Definition of Mardi gras

1. Noun. The last day before Lent.

Exact synonyms: Pancake Day, Shrove Tuesday
Generic synonyms: Christian Holy Day
Group relationships: Shrovetide

2. Noun. A carnival held in some countries on Shrove Tuesday (the last day before Lent) but especially in New Orleans.
Exact synonyms: Fat Tuesday
Generic synonyms: Carnival
Group relationships: New Orleans

Definition of Mardi gras

1. n. The last day of Carnival; Shrove Tuesday; -- in some cities a great day of carnival and merrymaking.

Definition of Mardi gras

1. Noun. The day, also known as Shrove Tuesday, when traditionally all fat and meat in the house were finished up, before Christians were banned from eating them during Lent, which commenced the following day on Ash Wednesday. ¹

2. Noun. The last day of a carnival, traditionally the celebration immediately before the start of Lent when joy would be out of place for Christians. ¹

3. Noun. A carnival. ¹

4. Proper noun. (alternative form of Mardi Gras) ¹

¹ Source:

Mardi Gras Pictures

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Lexicographical Neighbors of Mardi Gras

Marcus Aurelius Antoninus
Marcus Bains line
Marcus Bains lines
Marcus Cocceius Nerva
Marcus Gunn's sign
Marcus Gunn phenomenon
Marcus Gunn pupil
Marcus Gunn syndrome
Marcus Junius Brutus
Marcus Terentius Varro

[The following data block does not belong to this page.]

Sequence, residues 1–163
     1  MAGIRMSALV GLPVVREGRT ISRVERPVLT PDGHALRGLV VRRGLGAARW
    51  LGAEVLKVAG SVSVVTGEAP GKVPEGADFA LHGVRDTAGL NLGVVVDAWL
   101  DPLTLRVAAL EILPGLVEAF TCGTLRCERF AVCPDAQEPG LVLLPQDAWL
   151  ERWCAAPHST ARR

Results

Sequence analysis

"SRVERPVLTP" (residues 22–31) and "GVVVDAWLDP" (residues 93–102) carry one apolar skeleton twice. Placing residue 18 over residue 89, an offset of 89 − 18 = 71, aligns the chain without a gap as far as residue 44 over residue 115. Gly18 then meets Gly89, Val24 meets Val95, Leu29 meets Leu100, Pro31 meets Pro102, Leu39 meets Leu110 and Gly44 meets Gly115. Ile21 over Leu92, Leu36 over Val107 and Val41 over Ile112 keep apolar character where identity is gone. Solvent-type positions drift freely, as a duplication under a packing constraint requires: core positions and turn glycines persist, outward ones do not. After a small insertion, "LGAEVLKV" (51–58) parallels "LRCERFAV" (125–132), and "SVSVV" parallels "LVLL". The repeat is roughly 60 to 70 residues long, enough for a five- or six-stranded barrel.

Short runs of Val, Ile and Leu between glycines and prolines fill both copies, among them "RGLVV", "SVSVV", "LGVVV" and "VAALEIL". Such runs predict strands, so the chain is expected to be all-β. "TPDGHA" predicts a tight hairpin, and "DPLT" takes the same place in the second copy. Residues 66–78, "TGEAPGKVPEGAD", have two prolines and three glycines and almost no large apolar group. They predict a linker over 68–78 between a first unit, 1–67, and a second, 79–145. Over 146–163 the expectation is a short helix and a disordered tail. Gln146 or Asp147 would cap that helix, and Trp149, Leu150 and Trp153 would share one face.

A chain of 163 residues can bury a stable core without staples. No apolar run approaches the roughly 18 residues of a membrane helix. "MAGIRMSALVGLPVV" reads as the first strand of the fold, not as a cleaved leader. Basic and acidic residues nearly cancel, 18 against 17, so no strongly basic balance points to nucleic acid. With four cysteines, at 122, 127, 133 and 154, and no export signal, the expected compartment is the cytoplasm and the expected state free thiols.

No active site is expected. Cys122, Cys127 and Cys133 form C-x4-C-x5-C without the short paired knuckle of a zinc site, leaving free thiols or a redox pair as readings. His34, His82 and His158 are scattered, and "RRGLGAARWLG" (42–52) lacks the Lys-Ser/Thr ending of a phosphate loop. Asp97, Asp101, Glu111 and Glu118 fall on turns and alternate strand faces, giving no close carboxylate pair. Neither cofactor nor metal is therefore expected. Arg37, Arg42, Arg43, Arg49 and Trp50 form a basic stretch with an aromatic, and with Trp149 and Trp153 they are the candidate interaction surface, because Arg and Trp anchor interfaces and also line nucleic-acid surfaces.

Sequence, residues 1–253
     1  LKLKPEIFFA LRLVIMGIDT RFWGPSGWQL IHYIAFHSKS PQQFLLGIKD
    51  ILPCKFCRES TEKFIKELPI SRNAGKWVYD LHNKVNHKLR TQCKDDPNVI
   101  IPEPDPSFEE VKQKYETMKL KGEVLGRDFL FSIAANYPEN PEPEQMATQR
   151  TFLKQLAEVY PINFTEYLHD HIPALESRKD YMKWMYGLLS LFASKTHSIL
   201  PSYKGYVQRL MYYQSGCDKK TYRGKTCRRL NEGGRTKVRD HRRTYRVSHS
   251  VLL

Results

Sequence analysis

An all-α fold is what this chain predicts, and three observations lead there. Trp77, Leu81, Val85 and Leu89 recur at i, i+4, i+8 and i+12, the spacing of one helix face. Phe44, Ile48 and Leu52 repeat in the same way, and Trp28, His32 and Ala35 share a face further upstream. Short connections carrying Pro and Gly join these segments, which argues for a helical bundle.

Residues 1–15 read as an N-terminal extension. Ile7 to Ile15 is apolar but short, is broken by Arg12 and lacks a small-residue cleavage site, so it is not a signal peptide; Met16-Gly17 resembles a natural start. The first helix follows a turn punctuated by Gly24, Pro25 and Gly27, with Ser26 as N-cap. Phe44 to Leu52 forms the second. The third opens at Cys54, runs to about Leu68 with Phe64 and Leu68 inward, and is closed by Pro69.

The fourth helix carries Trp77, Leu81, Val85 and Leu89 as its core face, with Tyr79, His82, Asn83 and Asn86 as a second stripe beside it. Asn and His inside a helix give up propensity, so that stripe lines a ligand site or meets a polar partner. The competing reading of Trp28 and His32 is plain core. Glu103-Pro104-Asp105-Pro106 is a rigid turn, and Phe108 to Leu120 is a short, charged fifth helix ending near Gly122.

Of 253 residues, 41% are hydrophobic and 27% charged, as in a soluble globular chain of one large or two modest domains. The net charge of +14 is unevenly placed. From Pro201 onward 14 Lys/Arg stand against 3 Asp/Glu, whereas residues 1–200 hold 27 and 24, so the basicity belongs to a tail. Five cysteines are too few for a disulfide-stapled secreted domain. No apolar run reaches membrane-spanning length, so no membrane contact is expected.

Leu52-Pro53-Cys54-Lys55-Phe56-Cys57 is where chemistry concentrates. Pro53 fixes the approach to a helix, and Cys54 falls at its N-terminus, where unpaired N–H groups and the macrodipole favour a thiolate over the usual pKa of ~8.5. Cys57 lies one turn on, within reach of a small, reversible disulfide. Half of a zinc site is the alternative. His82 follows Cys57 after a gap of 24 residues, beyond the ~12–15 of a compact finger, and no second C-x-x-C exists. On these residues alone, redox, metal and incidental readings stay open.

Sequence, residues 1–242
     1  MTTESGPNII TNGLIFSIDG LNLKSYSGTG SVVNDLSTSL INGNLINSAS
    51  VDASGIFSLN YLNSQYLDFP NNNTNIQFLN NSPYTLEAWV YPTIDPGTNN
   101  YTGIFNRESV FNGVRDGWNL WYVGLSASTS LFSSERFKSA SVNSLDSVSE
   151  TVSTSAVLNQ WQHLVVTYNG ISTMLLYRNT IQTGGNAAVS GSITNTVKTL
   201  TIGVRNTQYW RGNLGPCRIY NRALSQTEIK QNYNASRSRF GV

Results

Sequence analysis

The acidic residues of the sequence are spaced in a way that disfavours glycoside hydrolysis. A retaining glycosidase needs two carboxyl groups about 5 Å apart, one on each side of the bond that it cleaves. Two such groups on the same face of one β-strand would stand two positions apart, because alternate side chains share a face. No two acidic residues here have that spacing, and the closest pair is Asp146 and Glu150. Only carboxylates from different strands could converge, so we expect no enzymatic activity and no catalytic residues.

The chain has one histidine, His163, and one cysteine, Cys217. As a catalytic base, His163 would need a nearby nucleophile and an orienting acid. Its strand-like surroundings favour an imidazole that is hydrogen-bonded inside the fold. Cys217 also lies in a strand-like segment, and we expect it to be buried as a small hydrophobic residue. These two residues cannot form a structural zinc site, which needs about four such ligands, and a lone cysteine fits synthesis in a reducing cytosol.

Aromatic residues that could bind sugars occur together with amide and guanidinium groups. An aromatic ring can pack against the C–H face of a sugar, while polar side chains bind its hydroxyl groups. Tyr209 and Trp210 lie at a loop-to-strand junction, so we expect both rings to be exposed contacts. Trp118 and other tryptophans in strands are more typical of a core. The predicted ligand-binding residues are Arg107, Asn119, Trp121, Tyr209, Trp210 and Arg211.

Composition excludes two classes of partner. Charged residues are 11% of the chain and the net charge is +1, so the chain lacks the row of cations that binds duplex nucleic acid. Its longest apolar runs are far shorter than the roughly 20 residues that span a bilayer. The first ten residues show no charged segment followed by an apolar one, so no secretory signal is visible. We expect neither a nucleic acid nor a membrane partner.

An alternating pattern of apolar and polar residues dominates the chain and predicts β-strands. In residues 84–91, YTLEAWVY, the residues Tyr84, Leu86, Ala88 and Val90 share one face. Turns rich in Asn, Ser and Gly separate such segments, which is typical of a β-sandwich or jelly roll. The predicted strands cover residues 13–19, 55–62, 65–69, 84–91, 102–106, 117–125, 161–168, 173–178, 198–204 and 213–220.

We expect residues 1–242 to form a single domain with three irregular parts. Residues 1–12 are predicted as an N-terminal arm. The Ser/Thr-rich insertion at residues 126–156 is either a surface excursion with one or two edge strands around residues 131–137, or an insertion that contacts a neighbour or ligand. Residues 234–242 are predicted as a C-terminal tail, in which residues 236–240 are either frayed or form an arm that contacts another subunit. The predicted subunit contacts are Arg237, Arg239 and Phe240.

Marcus Tullius Cicero
Marcus Ulpius Traianus
Marcus Vipsanius Agrippa
Marcus Whitman
Mardi Gras
Marechal's test
Marek's disease
Marek's disease virus
Mareva injunction
Marey's law
Marfan's disease
Marfan's law
Marfan's syndrome
Marfan syndrome
Margaret Court

Literary usage of Mardi gras

Below you will find example usage of this term as found in modern and/or classical literature:

1. Life on the Mississippi by Mark Twain (2000)
"THE largest annual event in New Orleans is a something which we arrived too late to sample—the Mardi-Gras festivities. I saw the procession of the Mystic ..."

2. The Writings of Mark Twain [pseud.] by Mark Twain, Charles Dudley Warner (1903)
"ENCHANTMENTS AND ENCHANTERS THE largest annual event in New Orleans is a something which we arrived too late to sample — the Mardi-Gras festivities. ..."

3. The Little Book of Modern Verse: A Selection from the Work of by Jessie Belle Rittenhouse (1913)
"To the editors of the Outlook for permission to reprint "Night's mardi gras," by Edward J. Wheeler. Sincere thanks are due also to my friend Thomas S. Jones ..."

4. New Voices: An Introduction to Contemporary Poetry by Marguerite Ogden Bigelow Wilkinson (1922)
"... NIGHT'S mardi gras Night is the true democracy. When day Like some great monarch with his train has passed, In regal pomp and ..."

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